“I think this patient needs a CT scan of her chest,” the consulting physician said to me over the phone. “Her lungs sound bad, and given her history, we need to make sure she isn’t developing pneumonia.”

The patient, though only thirty-five, had been through a lot during her hospitalization. She came in a week prior with some shortness of breath, an abnormally high heart rate (tachycardia) and chest pain. But her heart checked out just fine. An EKG was normal and her troponin, a protein that spills into the blood with damage to heart, was undetectable. Because of her tachycardia and chest pain we tested her for a pulmonary embolus, or clot in the lungs, with a CT scan. It was positive. The potentially deadly clot blocks off blood flow coming from the right side of the heart into the lungs causing heart strain and disrupting oxygenation of blood and the functioning of the heart.

We admitted the patient to the intensive care unit where she received IV medication to thin her blood. She recovered but continued to experience residual chest pain that would clear in the months ahead. As we prepared to discharge the patient, the consulting physician, a cardiologist, told us he wanted her to get another CT scan of her chest. She had not had a scan since the initial stages of her workup. What if she developed pneumonia in the interim? Her white blood cell count, often a crude marker of infection, was not elevated. She did not have fevers. When asked, she felt well enough to go home and wanted to leave. Then again, being in the hospital made her susceptible to infection. Moreover, on her physical exam, we heard crackles in her lungs – this sometimes indicates an intrapulmonary pathology. The cardiologist’s concern gave us pause and we ordered the imaging study.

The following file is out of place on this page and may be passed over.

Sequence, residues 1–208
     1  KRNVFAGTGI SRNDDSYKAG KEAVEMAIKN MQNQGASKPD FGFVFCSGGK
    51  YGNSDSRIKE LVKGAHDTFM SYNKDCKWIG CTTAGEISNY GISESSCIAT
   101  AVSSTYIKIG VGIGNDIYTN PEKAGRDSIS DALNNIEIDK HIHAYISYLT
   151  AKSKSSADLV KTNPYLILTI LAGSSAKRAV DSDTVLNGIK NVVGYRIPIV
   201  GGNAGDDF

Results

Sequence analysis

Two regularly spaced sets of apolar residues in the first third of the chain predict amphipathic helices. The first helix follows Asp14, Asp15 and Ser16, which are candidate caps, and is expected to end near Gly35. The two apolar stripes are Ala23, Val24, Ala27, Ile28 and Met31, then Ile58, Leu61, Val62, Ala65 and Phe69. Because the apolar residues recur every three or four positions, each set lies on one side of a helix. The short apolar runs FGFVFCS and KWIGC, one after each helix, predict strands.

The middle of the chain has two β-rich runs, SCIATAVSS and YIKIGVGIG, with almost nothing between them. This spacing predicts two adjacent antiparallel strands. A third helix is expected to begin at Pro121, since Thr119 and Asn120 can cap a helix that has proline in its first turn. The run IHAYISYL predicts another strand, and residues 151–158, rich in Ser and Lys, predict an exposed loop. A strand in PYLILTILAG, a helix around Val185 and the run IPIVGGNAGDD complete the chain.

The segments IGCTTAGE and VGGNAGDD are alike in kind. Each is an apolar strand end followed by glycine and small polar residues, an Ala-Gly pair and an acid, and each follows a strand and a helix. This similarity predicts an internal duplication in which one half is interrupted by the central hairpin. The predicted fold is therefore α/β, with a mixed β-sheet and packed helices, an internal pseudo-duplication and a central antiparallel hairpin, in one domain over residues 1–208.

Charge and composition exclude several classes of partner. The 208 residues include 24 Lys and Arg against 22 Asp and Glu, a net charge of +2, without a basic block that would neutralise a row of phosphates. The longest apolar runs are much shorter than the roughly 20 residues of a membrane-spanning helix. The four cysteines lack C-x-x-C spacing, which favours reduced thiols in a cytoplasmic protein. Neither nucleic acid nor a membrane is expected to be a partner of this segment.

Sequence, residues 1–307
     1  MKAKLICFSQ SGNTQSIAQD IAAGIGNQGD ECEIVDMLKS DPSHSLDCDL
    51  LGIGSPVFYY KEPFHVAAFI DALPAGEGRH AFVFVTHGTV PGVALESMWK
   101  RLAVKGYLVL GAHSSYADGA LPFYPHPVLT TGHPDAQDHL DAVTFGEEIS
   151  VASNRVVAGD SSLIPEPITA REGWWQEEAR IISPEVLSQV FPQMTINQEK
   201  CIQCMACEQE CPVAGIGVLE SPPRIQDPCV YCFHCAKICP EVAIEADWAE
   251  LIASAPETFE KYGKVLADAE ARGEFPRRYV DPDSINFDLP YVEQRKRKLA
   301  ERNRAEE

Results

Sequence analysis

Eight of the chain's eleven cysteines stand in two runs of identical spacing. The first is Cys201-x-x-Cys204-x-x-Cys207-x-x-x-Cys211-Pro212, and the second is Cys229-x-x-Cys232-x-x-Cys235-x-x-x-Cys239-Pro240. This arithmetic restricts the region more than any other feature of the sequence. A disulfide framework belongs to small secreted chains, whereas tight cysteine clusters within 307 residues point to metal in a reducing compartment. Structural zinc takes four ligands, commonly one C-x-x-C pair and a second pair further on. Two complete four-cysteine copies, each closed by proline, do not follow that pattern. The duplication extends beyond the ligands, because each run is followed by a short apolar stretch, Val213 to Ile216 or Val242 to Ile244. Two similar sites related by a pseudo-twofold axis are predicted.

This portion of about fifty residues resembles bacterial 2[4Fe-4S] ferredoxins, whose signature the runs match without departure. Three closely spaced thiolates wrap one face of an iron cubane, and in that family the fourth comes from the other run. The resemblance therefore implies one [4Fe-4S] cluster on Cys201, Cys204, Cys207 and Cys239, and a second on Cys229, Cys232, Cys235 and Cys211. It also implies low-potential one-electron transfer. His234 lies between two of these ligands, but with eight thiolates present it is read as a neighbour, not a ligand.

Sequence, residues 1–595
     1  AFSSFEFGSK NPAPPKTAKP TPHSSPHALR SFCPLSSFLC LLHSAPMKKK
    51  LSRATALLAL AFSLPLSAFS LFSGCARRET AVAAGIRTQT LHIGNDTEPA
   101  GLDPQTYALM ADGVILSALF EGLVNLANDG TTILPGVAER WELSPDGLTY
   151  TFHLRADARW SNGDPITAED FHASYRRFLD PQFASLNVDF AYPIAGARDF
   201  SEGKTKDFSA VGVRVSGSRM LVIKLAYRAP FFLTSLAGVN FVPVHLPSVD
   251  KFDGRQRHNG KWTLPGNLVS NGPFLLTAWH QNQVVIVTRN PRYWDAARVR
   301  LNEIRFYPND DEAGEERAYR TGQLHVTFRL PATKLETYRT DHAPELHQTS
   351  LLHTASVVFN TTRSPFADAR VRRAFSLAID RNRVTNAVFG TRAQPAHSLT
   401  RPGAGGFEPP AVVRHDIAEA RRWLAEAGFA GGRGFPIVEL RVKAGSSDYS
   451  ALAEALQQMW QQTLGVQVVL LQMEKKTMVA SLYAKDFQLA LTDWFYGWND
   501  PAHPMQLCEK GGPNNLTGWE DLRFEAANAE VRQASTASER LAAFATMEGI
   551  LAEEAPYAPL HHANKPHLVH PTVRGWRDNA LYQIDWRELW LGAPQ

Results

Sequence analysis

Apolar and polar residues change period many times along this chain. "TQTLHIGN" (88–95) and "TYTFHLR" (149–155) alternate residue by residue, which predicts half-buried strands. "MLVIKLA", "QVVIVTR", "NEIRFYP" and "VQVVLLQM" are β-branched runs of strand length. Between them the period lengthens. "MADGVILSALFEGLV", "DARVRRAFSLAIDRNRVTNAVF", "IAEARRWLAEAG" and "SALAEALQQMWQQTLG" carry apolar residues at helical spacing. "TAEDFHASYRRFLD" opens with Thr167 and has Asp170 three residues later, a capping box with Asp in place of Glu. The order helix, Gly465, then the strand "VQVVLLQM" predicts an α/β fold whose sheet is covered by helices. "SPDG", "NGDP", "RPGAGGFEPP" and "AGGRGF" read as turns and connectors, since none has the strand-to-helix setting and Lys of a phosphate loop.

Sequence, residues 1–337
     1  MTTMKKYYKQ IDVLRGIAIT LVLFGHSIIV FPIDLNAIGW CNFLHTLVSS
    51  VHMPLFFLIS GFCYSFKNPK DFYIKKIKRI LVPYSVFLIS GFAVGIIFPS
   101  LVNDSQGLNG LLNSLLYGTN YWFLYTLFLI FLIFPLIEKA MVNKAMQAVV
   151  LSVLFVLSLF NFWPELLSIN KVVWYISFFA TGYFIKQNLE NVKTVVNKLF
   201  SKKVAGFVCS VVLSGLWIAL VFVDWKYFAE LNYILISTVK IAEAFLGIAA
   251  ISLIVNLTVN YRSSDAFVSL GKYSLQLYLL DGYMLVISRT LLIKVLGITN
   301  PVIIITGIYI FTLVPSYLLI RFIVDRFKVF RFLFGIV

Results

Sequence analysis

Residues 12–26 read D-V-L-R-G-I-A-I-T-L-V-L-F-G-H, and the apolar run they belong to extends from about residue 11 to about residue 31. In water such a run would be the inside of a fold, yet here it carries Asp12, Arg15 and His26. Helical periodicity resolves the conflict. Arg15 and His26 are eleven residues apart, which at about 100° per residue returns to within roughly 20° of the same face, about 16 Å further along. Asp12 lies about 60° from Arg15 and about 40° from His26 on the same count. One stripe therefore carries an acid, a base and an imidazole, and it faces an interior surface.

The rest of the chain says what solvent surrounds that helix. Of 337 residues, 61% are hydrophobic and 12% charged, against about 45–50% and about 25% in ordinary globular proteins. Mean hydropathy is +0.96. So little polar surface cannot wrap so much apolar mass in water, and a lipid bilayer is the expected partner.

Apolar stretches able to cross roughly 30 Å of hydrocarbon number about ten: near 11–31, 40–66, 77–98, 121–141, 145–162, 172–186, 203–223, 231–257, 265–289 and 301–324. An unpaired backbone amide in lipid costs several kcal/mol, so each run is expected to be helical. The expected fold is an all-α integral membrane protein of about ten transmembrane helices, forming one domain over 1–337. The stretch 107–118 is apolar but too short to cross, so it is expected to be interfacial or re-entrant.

Doctors often feel uncomfortable with areas outside of our expertise. Consequently, we call other specialists to see the patient and give us advice. Moreover, patients sometimes ask to see a specialist in the hospital: “Can you call the neurologist to come see me?” or “We’d like you to call a cardiologist to see our father while he’s here.” Because consultants share a different knowledge base than the team primarily caring for the patient they may ask for more tests to rule out other serious pathologies that the primary team neglected to consider.

The patient’s repeat CT scan merely demonstrated small collapsed alveoli. These terminal branches of the lungs often collapse when we draw shallow breaths or lie flat for a long time, a typical finding in many hospitalized patients. Given the benign nature of this finding, we discharged the patient. Yet she had received an extraneous dose of radiation and her hospital bill would be hundreds of dollars more. Did she absolutely need this? This common story raises other questions, too. Do patients do better with more specialists seeing them? Do patients do better with more testing?

In a 2012 post for the New York Times Well blog, Tara Parker-Pope pointed out that “overtreatment – too many scans, too many blood tests, too many procedures – is costing the nation’s healthcare system at least $210 billion a year, according to the Institute of Medicine.” And the stories she tells about astronomical hospital bills due to overtesting are disturbing.